Friday, May 17, 2013


            “Do you know what you want,” she asked.
            “I dunno,” he said.
            She looked him up and down as he sat in the restaurant booth. She snapped her gum against her teeth and waited. He just stared at the menu, seemingly reading every word intensely.

            “Should I give you another couple minutes honey,” she asked.
            “Yeah,” he said.

            She walked away from the table and back around the diner counter. She positioned herself against the coffee station and folded her arms against her chest. It was one o’clock in the afternoon and the place was empty except for this one customer. There wasn’t much of a lunch rush, just a few construction workers from a few blocks away. They just got a few sandwiches to go. $18.00 bill for which she received $1.50 tip. She wasn’t sure how she would make rent this month if this kind of slow down continued.

            She looked out the window and watched the wind push sickly gray clouds through the sky. It looked like rain. She looked back to her lone customer, still staring at the menu. He was still on the first breakfast page. He was focused on the Hammerin’ Hash picture. It was hash browns covered with an open faced egg, covered with more hash browns, a pat of butter on the top and covered in maple syrup. It was a crazy creation from a cook that hadn’t work at the Brown Top Restaurant for 16 years. She didn’t’ know why it was still on the menu, or why it was a featured item. People did order it though. Well, not people, drunks ordered it at three o’clock in the morning.

            She slowly walked back toward the lone customer at the booth.

            “Is there anything I can help you with,” she asked.
            “I dunno,” he said.
            “Do you have any questions about any items on the menu,” she asked.

            She started to wonder in her mind if this guy could read. It wasn’t all that uncommon for someone to come in that couldn’t read and they sat there, struggling with the menu for a long time. The guy was sweating a bit and looked pretty frustrated.

            “No,” he said.

            He didn’t look up, but he did flip the menu over to the lunch specials.

            “We have a Philly Cheese Steak sandwich as a special today that’s not on the menu,” she said.

            The man didn’t reply. He returned to his focused reading of the menu items. She got the hint and slowly backed away from the table while tapping her pen against her order pad.  She wondered if this guy might be one of those nutso types; laid off from some factory job, drunk for days, hell bent on revenge. It was always the waitresses or the support staff of life that always seemed to catch the most hell from the nutsos.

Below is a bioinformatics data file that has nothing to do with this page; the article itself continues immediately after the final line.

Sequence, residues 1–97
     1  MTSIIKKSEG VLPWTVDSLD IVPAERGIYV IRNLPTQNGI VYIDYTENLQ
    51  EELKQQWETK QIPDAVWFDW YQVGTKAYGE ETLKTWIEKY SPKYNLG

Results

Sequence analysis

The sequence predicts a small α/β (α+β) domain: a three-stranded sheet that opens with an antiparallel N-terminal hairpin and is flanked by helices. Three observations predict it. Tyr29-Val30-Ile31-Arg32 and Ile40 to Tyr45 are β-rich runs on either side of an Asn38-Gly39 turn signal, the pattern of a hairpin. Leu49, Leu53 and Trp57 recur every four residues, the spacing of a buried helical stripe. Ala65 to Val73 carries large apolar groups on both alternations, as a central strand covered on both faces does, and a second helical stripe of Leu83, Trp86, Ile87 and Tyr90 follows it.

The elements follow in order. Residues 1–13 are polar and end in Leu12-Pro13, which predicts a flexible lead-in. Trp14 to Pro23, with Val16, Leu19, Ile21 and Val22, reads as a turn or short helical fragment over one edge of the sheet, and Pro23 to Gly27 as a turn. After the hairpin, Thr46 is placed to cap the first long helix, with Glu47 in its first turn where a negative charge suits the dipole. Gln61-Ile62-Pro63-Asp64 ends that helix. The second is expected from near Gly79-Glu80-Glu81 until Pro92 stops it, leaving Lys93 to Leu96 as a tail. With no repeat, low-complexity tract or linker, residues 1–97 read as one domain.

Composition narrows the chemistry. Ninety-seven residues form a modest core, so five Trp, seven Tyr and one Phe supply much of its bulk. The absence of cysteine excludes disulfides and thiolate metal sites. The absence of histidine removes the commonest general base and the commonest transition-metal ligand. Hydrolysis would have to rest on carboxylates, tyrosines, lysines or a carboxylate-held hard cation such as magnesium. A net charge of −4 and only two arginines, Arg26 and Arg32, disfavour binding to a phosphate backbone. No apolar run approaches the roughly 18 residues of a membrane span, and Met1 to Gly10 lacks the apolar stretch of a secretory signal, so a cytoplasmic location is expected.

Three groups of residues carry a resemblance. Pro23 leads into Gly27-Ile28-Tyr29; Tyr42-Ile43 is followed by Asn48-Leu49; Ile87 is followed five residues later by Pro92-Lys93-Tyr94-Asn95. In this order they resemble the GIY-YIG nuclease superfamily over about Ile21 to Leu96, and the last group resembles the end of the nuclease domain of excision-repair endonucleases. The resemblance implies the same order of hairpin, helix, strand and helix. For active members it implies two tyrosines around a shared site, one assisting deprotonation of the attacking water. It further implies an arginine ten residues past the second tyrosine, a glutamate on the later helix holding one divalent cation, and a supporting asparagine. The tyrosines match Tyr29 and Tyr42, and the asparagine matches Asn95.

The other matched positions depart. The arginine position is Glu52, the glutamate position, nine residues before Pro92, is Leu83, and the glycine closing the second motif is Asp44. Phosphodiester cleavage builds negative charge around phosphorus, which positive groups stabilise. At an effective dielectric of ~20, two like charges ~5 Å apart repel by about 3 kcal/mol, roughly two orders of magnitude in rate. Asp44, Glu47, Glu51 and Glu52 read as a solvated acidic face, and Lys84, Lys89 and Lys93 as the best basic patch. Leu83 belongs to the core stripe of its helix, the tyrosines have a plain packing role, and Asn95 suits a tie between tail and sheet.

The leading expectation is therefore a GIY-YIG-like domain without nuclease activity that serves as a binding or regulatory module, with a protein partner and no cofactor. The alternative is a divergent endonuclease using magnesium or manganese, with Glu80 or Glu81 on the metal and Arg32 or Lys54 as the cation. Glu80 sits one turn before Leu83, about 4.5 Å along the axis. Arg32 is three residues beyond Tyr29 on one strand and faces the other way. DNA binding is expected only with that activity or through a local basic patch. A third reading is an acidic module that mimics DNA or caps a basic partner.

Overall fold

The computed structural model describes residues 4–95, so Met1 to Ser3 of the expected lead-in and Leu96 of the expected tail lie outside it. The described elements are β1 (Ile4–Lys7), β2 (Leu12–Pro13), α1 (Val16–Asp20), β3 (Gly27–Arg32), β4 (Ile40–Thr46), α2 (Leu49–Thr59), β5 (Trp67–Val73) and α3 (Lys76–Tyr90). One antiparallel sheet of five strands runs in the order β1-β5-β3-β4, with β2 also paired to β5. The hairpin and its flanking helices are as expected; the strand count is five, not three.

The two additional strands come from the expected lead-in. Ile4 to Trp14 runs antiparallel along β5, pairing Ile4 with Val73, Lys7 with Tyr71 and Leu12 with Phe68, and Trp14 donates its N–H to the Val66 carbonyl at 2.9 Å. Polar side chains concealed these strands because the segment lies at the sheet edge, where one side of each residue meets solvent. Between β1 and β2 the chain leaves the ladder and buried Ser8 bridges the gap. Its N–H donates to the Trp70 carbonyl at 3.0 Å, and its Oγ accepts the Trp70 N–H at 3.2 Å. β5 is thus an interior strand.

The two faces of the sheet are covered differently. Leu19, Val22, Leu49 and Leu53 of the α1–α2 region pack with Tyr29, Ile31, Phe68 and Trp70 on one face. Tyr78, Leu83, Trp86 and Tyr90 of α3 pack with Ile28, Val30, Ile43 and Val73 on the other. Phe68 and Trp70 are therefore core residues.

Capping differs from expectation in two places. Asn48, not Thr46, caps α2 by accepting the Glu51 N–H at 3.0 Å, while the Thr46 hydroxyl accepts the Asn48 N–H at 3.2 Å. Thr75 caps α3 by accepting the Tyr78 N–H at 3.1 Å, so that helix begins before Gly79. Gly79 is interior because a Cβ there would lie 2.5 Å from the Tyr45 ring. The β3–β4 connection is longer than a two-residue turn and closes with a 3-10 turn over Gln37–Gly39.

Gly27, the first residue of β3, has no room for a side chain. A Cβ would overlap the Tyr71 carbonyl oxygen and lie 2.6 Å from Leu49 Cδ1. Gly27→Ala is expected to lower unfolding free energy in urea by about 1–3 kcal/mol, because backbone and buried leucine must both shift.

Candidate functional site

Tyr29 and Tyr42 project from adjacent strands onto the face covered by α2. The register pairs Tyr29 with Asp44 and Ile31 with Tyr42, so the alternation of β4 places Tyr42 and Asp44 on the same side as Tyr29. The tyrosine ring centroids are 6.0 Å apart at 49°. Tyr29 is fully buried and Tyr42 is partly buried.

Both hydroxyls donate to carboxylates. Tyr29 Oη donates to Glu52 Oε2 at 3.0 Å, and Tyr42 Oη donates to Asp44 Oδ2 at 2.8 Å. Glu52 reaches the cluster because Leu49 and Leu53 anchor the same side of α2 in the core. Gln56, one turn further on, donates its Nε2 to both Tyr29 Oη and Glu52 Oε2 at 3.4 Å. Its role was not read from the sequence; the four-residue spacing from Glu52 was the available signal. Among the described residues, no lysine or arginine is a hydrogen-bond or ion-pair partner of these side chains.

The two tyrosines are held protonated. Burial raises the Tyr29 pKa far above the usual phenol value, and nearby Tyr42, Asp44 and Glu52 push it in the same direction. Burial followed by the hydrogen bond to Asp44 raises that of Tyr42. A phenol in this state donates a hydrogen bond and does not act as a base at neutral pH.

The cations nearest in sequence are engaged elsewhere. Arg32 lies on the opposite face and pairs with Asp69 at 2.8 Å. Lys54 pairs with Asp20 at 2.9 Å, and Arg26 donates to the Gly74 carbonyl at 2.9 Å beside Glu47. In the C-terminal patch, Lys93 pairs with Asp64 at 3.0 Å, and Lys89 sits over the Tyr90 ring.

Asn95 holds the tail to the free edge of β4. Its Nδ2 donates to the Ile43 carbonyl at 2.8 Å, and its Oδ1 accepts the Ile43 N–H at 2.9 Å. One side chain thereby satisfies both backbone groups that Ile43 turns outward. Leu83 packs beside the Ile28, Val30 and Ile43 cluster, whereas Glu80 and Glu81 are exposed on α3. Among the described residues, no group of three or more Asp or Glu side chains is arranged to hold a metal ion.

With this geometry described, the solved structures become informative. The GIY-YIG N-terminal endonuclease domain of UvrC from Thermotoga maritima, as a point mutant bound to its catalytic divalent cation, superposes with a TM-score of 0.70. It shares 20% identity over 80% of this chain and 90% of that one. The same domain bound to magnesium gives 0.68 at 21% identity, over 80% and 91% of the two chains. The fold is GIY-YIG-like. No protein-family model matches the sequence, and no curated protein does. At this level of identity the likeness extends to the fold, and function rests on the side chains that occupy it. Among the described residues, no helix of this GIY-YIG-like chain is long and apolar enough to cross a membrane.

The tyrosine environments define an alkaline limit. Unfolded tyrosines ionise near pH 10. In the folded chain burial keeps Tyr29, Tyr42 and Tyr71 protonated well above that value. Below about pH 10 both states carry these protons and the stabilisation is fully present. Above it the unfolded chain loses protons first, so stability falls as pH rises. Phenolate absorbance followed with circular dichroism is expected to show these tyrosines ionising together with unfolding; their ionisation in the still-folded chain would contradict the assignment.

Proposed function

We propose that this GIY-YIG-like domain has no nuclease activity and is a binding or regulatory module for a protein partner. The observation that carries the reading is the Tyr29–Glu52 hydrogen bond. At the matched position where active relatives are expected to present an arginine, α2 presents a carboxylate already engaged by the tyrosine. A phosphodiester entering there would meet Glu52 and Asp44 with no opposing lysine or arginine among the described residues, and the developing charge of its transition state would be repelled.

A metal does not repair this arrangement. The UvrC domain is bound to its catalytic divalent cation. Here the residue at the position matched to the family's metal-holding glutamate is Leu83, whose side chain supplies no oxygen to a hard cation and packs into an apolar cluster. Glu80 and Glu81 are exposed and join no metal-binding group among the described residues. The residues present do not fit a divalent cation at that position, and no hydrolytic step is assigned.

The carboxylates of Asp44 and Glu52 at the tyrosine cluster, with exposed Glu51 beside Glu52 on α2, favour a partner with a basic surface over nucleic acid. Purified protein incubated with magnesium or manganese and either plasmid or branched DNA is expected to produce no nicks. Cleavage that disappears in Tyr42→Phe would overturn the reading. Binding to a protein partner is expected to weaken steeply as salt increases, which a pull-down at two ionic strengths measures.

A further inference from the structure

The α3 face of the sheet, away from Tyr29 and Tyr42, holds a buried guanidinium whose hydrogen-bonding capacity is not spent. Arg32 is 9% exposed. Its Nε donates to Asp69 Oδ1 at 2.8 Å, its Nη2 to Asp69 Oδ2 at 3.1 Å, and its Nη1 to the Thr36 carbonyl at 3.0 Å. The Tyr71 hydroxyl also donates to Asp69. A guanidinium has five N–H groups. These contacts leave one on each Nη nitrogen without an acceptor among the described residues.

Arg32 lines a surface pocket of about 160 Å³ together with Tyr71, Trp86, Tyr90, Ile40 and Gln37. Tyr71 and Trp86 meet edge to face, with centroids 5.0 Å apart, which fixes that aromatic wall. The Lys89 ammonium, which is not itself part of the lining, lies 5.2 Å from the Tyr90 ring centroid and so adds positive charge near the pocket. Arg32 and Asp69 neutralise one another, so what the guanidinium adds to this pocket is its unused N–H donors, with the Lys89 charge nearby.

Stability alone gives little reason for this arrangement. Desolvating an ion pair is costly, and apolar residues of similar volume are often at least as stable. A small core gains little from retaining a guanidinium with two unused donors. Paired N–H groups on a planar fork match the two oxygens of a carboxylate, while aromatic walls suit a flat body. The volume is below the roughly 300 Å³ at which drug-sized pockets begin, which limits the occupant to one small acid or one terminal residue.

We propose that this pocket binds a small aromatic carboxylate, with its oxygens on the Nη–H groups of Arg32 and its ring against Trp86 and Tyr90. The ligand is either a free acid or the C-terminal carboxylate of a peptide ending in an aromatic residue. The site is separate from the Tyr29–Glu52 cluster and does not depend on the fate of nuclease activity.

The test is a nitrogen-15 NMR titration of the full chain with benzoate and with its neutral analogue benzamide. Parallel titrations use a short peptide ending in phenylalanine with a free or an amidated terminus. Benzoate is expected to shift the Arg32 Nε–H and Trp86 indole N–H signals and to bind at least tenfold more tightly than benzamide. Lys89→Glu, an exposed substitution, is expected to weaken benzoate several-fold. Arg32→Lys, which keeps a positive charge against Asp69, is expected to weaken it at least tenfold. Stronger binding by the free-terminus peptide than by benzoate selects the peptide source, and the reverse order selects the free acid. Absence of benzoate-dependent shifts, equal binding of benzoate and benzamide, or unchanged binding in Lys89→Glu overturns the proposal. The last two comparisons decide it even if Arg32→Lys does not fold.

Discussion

She returned to her spot by the coffee maker and leaned back. She realized she never offered the guy at the both anything to drink. She didn’t notice him come in and sit down so she never thought to get him something. She grabbed the water pitcher and walked back toward the guy at the booth. She poured him a glass of water.

            “Can I get you something to drink while you read over the menu,” she asked.
            “I dunno,” said the guy.

            He shrugged. For some reason that seemed to be the last straw for her and she felt her blood start to boil. Six years of taking crap from people was raging up in her stomach, she felt her anger in her eyes. It was an irrational anger but it burst forth. She put the pitcher of water down on the table.

            “Listen mac, if you don’t order something in the next two minutes I’m going call the cops and have them shoo you off for loitering,” she commanded.

            She picked up the pitcher and turned back toward the coffee station. She felt relieved to have gotten that out. She was not a mean person by nature, but even she had her limits of patience. It wasn’t the stabbing verbal attack she had imagined, but she got her point across she felt.

            The man in the booth put the menu down and took a sip of water. He stood from the table and headed toward the door.

            “Hey! Where you going,” she asked.
            “I dunno,” he said.

            He turned to the door and walked out into the graying afternoon. 

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